This website and the companion guidebook, African American Music Trails of Eastern North Carolina, introduce visitors to a region alive with a musical heritage that enriches our state and region. African American Music Trails of Eastern North Carolina builds on the North Carolina Arts Council’s nationally recognized cultural tourism guides to traditional Appalachian music, Cherokee heritage, and literary heritage across the state.
The North Carolina Arts Council, a division of the North Carolina Department of Cultural Resources, partnered with regional musicians, the North Carolina Department of Transportation, local regional arts councils, tourism agencies, and arts and folklife organizations to plan and implement this special initiative. Visit the Plan Your Trip pages for additional information.
Thornton Canady, a Kinston musician and retired band director, advocated for recognition of the long and rich heritage of African American music in the area. Staff of the North Carolina Arts Council began the process of identifying the musicians and venues important to this legacy. Interviews with more than 90 musicians opened doors to a world of jazz, rhythm and blues, funk, gospel, hymns, blues, rap, marching bands, and beach music. The interviews revealed long and deep connections between music and community and shaped the creation of a cultural tourism trail. As a companion project to Blue Ridge Music Trails of North Carolina this initiative shares the state’s African American music heritage in ways that benefit residents and visitors alike and that encourage the continuation and recognition of African American music across the state.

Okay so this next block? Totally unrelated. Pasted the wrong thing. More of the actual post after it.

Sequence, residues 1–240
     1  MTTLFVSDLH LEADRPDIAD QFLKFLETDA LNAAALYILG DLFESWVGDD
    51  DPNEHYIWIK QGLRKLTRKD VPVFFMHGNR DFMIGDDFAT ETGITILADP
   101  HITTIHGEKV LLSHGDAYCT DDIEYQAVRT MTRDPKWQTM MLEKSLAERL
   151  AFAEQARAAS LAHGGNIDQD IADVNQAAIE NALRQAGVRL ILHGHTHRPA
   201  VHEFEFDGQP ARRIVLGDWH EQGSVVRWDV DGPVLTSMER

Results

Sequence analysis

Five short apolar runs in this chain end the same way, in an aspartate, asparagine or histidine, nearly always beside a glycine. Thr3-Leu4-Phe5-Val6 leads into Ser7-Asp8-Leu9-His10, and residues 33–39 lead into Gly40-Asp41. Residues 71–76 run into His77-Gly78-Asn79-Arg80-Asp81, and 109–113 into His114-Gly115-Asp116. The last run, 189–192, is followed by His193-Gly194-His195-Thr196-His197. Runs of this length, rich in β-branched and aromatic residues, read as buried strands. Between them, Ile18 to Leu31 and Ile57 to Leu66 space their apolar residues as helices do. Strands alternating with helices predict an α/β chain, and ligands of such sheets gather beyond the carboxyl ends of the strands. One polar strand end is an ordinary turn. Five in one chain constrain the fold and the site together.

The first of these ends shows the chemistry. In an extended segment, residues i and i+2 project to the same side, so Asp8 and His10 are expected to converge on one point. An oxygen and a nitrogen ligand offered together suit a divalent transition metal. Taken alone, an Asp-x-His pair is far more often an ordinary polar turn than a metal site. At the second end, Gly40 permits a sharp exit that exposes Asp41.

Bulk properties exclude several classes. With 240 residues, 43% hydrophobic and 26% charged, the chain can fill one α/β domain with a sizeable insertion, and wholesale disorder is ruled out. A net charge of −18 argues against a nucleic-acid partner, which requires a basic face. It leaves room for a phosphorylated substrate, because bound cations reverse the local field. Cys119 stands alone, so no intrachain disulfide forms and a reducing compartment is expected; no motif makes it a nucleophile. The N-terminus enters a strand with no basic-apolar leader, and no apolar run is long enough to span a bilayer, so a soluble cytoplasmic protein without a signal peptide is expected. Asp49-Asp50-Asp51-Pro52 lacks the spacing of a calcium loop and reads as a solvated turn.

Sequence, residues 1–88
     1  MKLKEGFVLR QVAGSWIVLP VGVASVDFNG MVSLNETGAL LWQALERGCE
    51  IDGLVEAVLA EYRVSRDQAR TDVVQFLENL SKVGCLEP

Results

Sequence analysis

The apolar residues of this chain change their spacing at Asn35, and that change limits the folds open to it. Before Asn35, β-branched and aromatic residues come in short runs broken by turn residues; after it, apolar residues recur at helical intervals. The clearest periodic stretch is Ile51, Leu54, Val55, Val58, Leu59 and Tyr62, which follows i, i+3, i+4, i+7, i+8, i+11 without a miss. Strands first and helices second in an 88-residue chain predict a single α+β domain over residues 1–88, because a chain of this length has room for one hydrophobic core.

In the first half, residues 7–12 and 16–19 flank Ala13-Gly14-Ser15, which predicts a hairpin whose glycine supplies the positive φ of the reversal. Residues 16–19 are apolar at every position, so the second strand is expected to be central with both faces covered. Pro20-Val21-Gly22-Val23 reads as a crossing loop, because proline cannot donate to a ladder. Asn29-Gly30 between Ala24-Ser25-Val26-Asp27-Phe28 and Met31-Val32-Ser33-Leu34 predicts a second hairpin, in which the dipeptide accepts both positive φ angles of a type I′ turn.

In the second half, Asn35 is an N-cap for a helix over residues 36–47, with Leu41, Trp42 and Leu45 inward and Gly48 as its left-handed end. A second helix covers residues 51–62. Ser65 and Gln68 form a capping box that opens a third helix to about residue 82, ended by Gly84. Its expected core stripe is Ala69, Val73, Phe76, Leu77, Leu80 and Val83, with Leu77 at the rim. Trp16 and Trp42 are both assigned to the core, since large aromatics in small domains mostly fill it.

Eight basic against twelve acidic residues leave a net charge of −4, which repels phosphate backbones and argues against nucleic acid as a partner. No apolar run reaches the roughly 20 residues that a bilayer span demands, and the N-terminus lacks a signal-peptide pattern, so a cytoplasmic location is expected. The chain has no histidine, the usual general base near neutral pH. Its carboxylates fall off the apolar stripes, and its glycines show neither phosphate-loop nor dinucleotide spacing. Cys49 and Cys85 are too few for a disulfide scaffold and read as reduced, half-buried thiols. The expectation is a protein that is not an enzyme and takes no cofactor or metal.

African American Music Trails of Eastern North Carolina is the first publication designed to help travelers explore African American music in eastern North Carolina. In an area that includes Edgecombe, Greene, Jones, Lenoir, Wayne, Wilson, Nash, and Pitt counties, researchers, writers, and photographers have worked with local residents and arts organizations to provide in-depth insiders’ views of music and musicians. In addition to musicians’ personal stories, you will find musician portraits and dynamic photographic documentation of music events by Titus Brooks Heagins and by Cedric N. Chatterley, as well as historic photographs contributed by the musicians themselves from their personal collections.
The book is available from UNC Press for $19.95 (plus shipping) for paper or $18.99 as an e-book.
Use promo code 01ARTCOUN to receive a 40% discount.
Order by phone at 800-848-6224
Book discounts are available for quantities of 10 or more.